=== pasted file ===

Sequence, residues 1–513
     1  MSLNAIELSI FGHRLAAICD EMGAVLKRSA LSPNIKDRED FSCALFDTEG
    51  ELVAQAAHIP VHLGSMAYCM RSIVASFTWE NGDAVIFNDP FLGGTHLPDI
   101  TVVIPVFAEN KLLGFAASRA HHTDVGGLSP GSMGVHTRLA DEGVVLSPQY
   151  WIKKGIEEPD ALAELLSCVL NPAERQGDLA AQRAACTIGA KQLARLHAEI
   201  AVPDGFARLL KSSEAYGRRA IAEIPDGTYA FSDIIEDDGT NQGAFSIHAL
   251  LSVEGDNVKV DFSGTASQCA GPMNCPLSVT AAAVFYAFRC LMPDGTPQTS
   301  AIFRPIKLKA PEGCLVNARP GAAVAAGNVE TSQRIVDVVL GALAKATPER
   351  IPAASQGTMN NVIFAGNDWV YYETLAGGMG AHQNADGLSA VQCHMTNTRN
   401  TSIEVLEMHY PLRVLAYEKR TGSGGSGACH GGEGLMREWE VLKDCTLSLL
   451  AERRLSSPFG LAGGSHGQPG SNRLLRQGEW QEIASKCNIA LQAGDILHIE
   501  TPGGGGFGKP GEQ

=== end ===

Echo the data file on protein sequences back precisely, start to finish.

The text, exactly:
Sequence, residues 1–513
     1  MSLNAIELSI FGHRLAAICD EMGAVLKRSA LSPNIKDRED FSCALFDTEG
    51  ELVAQAAHIP VHLGSMAYCM RSIVASFTWE NGDAVIFNDP FLGGTHLPDI
   101  TVVIPVFAEN KLLGFAASRA HHTDVGGLSP GSMGVHTRLA DEGVVLSPQY
   151  WIKKGIEEPD ALAELLSCVL NPAERQGDLA AQRAACTIGA KQLARLHAEI
   201  AVPDGFARLL KSSEAYGRRA IAEIPDGTYA FSDIIEDDGT NQGAFSIHAL
   251  LSVEGDNVKV DFSGTASQCA GPMNCPLSVT AAAVFYAFRC LMPDGTPQTS
   301  AIFRPIKLKA PEGCLVNARP GAAVAAGNVE TSQRIVDVVL GALAKATPER
   351  IPAASQGTMN NVIFAGNDWV YYETLAGGMG AHQNADGLSA VQCHMTNTRN
   401  TSIEVLEMHY PLRVLAYEKR TGSGGSGACH GGEGLMREWE VLKDCTLSLL
   451  AERRLSSPFG LAGGSHGQPG SNRLLRQGEW QEIASKCNIA LQAGDILHIE
   501  TPGGGGFGKP GEQ